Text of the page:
The coolant loss is now minimal. Probably because the fan is working properly as well.

Anyway, the system will be dragged into the mid 20th century in about a week.

The fan works perfectly now. Fuses are not blowing, and are not heating up as they once did. The probe and the adjustable switch are mounted to the radiator so there is no relative flexing between chassis and the radiator (yes, I thought about this, having run a few fin probes over the decades). No manual switches needed. The fan goes on at 210F, off at 190F The switching is done through the original relay and thermostat switch wire. I may have to upgrade the wiring, but so far, so good. Nothing is leaking smoke or an untoward odor.

Anyway, I am no longer worried about the reliability of the cooling for the next week or so of enjoyment.

Even better, there are no more leaks from the engine! The valve cover gaskets worked.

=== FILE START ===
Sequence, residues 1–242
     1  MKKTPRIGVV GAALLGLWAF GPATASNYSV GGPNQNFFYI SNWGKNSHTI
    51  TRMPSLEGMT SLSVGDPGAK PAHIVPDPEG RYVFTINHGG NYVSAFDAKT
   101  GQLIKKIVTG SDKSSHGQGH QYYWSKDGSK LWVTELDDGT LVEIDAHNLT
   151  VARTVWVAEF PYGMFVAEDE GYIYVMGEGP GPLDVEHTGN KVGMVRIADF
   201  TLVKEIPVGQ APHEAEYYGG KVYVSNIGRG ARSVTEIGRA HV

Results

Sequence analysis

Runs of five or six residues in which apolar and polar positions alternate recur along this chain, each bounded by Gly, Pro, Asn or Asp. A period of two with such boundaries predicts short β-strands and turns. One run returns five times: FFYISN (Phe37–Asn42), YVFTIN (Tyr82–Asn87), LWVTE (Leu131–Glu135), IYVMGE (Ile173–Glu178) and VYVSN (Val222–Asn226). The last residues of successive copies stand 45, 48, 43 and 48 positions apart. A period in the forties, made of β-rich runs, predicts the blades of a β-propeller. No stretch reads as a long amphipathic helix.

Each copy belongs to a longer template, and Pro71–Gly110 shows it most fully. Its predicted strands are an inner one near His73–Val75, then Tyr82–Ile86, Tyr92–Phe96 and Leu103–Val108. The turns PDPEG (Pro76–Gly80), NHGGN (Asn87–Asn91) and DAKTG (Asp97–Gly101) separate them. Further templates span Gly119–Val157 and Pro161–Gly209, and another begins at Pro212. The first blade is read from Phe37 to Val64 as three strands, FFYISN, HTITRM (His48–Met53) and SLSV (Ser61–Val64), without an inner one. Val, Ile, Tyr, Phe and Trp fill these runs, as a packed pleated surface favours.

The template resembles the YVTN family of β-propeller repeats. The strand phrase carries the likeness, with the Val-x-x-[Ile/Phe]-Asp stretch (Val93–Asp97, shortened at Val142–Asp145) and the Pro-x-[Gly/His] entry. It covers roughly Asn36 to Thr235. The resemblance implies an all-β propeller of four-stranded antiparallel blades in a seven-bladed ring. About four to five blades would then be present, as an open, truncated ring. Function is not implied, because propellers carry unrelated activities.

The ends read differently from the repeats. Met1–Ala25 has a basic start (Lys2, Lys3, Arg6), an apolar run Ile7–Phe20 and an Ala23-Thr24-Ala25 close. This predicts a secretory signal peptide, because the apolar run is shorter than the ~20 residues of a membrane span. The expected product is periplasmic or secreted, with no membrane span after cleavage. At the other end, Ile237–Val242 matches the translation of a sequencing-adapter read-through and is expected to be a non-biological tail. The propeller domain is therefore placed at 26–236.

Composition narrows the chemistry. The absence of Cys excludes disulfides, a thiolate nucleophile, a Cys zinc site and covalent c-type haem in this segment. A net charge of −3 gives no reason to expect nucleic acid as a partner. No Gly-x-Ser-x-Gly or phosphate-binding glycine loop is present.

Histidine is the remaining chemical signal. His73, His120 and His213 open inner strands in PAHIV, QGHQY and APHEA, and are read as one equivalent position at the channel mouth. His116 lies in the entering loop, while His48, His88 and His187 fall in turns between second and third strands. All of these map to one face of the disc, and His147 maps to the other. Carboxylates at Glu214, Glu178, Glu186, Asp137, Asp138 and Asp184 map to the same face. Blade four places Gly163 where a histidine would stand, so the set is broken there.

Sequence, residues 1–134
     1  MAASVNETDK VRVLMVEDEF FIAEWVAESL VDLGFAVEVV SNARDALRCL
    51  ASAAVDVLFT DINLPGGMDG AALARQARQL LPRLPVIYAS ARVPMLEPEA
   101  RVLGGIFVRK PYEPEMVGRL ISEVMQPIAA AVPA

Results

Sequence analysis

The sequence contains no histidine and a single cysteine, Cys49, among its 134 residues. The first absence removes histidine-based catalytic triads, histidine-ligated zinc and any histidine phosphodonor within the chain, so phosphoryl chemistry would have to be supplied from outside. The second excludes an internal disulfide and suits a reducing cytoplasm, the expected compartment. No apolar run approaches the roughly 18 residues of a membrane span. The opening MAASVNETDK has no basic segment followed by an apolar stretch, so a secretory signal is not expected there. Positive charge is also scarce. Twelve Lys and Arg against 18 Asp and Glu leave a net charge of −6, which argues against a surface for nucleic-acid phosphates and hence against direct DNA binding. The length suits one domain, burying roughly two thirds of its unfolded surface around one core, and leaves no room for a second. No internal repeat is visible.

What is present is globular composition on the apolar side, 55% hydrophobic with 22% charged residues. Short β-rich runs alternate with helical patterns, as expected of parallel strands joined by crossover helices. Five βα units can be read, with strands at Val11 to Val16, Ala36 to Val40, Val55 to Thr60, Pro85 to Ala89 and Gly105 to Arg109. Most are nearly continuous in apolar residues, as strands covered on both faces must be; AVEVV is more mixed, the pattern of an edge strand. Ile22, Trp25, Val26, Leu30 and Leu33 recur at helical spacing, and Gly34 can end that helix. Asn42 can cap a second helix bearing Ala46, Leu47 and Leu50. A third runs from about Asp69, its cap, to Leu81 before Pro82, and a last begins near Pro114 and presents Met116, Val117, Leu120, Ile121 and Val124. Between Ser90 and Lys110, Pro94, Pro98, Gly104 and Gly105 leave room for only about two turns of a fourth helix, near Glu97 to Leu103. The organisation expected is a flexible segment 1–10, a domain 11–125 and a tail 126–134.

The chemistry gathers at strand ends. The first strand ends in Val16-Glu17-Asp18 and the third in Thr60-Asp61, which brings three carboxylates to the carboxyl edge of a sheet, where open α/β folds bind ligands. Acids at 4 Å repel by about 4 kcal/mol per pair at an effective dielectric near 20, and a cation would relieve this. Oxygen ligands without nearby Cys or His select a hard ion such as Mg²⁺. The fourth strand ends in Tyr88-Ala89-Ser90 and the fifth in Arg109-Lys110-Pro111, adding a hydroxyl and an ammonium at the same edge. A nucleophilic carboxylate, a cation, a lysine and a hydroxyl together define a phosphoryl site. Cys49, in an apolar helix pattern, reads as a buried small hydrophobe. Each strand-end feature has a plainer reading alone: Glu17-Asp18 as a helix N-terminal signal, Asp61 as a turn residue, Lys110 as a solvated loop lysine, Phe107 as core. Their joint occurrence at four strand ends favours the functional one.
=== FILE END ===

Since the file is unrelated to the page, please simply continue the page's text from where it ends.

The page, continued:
The gearbox drips from the rear seal... But that is normal.

A bunch of parts arrived from the UK. New dampers, rear damper conversion, brake reaction stays, camber plates, Panhard rod, stainless headers, a twin master cylinder mount and bias bar for the braking system.

I figure that if I have to re plumb the brakes to get that mess of tubing for the tandem master conversion out of the way of the headers, I may as well install twin master cylinders and be done with it. I really like twin master cylinder brakes, and it simplifies the brake plumbing by removing the prop valve and its nest of tubing. Also, the master cylinder rebuild kits or replacements are very inexpensive. Proportioning is easy to accomplish with the bias bar.